We are besotted with history and the current impoverishment of philosophy is the result. Where other ages would seek to understand things by grasping them as Ideas in the mind of God, we look only to antecedents. We worry not about divine judgment but about the judgment of history, as though the meaning of our acts, obscure to us, will be clear with just a little more time. Thinking dares nothing against what Merleau-Ponty called the "weight of history," because in the last analysis it believes that it is nothing without history. It wishes only to trace developments, offer genealogies, tell stories. But what else is there? History is the alchemy of time—responsible for everything and to no one. It seems that all things have become and that their meaning is a function of this emergence, development, growth, and decay. Where such phenomena are present, the historical mode of understanding is at home. If philosophy imagines itself in possession of other resources— "timeless truths"—let it show just what these resources apply to. If it cannot, let it keep silent, let it cede its mantle to the historian, the story-teller, or the evolutionary biologist. It is said that Zeus, the immortal Olympian who laughs at history and the foibles of men, escaped being devoured by his father Kronos, time. But the escape was only temporary. The Titan has long since dispatched his all-too-mortal son, leaving nothing to devour but himself—the image of time as the serpent swallowing its tail.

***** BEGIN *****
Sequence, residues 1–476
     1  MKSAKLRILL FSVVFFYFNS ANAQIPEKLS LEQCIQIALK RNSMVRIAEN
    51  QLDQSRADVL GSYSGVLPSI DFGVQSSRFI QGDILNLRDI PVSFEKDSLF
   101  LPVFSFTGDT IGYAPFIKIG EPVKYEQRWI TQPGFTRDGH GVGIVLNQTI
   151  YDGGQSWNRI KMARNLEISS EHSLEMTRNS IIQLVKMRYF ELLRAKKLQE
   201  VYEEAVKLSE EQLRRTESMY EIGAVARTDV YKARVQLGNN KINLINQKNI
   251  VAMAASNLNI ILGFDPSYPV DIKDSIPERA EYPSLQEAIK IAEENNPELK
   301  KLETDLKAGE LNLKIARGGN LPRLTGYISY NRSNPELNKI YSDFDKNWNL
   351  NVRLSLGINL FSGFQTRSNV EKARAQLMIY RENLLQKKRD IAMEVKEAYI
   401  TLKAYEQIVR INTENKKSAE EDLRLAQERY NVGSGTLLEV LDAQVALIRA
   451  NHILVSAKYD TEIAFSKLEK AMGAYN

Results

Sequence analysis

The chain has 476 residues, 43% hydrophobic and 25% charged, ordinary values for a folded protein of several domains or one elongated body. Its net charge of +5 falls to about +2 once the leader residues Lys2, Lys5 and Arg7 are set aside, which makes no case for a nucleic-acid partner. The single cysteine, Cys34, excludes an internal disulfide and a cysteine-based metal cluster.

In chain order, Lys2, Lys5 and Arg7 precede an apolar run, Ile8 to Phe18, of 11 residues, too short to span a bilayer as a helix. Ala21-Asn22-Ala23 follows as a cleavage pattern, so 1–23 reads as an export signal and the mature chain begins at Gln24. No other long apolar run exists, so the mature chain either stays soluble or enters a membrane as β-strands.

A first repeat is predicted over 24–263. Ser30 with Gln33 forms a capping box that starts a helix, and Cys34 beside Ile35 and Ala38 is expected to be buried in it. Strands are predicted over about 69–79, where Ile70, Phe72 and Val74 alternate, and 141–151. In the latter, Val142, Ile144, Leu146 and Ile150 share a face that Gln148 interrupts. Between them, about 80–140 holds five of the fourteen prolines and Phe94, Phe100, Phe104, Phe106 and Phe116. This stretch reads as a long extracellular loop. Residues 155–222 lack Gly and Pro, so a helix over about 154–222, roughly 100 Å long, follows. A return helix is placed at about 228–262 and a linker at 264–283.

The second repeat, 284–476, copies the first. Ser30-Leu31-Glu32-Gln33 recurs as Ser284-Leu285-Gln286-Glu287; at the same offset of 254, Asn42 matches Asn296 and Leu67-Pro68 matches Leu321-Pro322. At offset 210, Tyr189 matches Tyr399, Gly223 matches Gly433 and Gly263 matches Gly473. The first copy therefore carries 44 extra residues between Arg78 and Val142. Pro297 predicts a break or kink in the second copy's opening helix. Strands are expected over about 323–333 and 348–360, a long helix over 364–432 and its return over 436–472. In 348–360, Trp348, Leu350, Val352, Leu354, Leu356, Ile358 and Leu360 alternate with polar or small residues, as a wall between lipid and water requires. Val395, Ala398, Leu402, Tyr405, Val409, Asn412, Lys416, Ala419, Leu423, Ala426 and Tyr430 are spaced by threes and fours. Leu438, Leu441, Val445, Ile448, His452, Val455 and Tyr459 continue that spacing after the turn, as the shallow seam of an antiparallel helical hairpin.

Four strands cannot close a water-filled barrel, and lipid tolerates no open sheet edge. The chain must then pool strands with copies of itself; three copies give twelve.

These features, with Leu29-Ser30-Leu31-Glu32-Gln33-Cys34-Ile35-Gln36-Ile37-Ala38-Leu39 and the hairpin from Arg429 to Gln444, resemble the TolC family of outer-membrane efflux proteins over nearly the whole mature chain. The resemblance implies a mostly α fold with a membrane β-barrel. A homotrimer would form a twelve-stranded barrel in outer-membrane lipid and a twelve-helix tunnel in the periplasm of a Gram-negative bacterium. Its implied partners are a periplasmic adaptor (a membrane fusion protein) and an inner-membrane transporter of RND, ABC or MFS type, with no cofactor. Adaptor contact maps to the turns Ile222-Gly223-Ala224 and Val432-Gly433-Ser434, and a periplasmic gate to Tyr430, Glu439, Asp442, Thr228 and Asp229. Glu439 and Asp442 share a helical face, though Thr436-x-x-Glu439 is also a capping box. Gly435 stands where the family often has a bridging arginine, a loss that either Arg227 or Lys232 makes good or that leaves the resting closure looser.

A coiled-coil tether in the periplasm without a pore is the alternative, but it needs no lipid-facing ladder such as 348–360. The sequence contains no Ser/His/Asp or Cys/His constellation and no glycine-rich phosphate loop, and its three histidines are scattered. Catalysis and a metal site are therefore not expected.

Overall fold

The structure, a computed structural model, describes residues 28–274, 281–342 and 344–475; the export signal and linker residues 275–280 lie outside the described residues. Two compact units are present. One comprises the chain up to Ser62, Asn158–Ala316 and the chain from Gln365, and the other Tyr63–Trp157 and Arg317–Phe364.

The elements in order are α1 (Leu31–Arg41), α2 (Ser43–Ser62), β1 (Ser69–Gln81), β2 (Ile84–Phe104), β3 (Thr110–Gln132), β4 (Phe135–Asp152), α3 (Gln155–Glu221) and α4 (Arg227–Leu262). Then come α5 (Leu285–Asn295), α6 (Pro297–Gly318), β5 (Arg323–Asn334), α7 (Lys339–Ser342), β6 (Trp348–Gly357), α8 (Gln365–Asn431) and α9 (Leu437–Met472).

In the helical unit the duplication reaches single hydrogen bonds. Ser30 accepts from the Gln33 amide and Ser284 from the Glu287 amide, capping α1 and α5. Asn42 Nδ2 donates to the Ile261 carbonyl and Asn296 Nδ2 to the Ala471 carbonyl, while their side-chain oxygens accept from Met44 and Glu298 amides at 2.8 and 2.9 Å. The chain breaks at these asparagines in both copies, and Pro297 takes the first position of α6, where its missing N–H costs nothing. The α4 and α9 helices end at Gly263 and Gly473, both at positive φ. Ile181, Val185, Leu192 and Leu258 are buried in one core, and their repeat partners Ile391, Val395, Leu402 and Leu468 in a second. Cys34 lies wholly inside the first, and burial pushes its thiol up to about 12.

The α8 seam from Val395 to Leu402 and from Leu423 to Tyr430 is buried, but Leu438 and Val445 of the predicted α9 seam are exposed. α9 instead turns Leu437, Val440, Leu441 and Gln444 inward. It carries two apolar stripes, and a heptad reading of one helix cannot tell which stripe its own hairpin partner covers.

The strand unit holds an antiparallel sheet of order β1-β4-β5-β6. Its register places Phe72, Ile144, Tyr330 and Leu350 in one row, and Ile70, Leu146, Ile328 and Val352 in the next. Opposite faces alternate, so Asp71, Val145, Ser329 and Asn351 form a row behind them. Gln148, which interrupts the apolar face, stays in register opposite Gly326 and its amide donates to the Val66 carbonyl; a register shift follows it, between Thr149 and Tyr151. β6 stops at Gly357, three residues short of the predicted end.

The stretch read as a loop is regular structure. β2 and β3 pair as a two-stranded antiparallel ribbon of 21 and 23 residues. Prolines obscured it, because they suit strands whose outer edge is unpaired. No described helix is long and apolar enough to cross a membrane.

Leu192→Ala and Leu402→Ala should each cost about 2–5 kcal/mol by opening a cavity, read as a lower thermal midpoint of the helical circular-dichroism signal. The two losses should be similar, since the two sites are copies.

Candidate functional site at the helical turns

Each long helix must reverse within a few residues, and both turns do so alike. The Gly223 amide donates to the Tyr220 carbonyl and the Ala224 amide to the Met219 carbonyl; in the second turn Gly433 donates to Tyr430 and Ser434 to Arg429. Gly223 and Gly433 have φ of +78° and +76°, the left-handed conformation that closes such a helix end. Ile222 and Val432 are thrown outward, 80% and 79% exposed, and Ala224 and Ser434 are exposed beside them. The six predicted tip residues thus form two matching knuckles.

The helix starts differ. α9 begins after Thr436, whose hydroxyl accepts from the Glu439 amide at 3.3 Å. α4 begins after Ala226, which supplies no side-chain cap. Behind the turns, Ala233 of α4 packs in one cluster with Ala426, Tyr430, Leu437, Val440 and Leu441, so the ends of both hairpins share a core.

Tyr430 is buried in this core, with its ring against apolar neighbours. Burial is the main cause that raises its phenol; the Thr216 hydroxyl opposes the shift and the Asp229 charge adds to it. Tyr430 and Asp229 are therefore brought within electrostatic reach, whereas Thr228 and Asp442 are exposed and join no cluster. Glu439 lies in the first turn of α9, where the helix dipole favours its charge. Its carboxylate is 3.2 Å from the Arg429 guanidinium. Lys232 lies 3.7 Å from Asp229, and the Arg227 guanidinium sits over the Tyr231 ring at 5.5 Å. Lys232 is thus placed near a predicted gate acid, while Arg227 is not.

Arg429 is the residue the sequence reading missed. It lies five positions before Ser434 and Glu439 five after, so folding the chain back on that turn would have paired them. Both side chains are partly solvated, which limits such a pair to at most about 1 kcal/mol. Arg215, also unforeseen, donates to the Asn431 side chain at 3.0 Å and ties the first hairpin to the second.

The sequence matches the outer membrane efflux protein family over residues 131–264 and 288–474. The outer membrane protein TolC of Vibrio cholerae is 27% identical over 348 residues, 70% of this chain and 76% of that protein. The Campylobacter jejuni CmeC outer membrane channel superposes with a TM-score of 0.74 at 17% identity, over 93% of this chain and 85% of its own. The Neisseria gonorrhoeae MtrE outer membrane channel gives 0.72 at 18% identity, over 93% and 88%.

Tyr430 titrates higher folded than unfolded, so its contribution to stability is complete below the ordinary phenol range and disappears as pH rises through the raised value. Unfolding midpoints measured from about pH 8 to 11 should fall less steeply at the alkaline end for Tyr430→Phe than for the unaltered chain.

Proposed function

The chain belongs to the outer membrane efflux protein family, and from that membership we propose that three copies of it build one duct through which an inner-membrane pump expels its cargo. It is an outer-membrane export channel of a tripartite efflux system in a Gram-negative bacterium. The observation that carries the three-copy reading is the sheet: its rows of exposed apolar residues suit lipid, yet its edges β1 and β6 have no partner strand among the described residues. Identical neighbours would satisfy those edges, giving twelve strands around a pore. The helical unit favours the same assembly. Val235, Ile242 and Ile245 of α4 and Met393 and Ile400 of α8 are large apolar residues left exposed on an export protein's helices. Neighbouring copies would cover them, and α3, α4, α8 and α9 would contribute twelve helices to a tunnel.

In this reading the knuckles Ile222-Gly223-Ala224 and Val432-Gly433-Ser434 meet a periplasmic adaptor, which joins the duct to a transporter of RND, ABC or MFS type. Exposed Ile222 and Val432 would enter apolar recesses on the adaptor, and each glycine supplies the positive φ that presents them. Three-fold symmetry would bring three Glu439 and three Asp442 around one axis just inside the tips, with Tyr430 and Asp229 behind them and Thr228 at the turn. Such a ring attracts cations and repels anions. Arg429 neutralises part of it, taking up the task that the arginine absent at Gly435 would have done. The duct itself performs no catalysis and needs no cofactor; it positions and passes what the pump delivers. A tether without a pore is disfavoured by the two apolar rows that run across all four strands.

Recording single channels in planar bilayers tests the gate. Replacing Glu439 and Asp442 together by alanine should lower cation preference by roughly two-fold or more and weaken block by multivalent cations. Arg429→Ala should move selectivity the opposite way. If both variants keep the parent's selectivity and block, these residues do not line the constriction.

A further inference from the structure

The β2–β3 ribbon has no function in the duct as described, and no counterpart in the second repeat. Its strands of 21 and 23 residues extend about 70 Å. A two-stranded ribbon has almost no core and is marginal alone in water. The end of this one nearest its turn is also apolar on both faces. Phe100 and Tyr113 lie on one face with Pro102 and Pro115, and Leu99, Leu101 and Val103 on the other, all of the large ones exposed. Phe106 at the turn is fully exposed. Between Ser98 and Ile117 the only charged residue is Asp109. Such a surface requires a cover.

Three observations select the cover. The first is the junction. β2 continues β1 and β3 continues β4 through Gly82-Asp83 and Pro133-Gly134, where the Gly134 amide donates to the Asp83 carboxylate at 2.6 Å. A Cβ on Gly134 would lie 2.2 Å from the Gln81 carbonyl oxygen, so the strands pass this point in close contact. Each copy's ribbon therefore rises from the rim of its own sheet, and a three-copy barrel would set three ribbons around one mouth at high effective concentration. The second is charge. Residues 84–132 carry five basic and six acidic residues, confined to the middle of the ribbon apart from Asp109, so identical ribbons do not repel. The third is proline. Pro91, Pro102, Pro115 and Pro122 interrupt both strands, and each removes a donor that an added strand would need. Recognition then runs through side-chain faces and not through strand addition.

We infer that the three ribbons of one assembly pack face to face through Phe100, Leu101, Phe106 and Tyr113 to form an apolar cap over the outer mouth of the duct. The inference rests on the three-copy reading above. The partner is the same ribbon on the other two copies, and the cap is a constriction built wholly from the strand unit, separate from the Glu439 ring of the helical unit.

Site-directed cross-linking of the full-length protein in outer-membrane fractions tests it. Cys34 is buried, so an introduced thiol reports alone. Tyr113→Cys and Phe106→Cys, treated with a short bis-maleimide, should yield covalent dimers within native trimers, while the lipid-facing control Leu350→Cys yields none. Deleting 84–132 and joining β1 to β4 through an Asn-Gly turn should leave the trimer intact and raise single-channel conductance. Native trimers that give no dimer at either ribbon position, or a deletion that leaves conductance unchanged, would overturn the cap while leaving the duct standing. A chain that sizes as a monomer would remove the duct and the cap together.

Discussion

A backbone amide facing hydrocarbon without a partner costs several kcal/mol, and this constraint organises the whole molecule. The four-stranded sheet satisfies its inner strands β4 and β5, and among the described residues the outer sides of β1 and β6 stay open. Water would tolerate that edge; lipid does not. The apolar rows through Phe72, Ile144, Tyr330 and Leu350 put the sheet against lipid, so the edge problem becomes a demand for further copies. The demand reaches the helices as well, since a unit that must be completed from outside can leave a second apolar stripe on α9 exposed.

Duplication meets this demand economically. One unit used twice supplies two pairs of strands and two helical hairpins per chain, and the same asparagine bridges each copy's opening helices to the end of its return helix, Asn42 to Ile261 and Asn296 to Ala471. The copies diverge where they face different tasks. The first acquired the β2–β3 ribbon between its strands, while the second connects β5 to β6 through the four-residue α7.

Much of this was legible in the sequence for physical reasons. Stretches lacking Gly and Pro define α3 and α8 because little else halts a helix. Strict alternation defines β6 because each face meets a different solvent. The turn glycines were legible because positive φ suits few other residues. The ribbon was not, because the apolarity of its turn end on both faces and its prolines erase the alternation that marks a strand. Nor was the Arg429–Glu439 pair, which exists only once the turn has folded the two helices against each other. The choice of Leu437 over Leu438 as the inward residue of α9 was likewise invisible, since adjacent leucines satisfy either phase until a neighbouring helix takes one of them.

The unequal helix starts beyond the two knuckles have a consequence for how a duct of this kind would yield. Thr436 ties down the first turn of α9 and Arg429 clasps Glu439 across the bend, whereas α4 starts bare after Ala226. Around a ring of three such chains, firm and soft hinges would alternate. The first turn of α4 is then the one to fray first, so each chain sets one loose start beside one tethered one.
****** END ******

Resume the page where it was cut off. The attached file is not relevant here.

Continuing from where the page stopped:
Crowell, S. (2004)., Authentic historicality, in D. Carr & C. Cheung (eds.), Space, time, and culture, Dordrecht, Springer, pp. 57-71.
This document is unfortunately not available for download at the moment.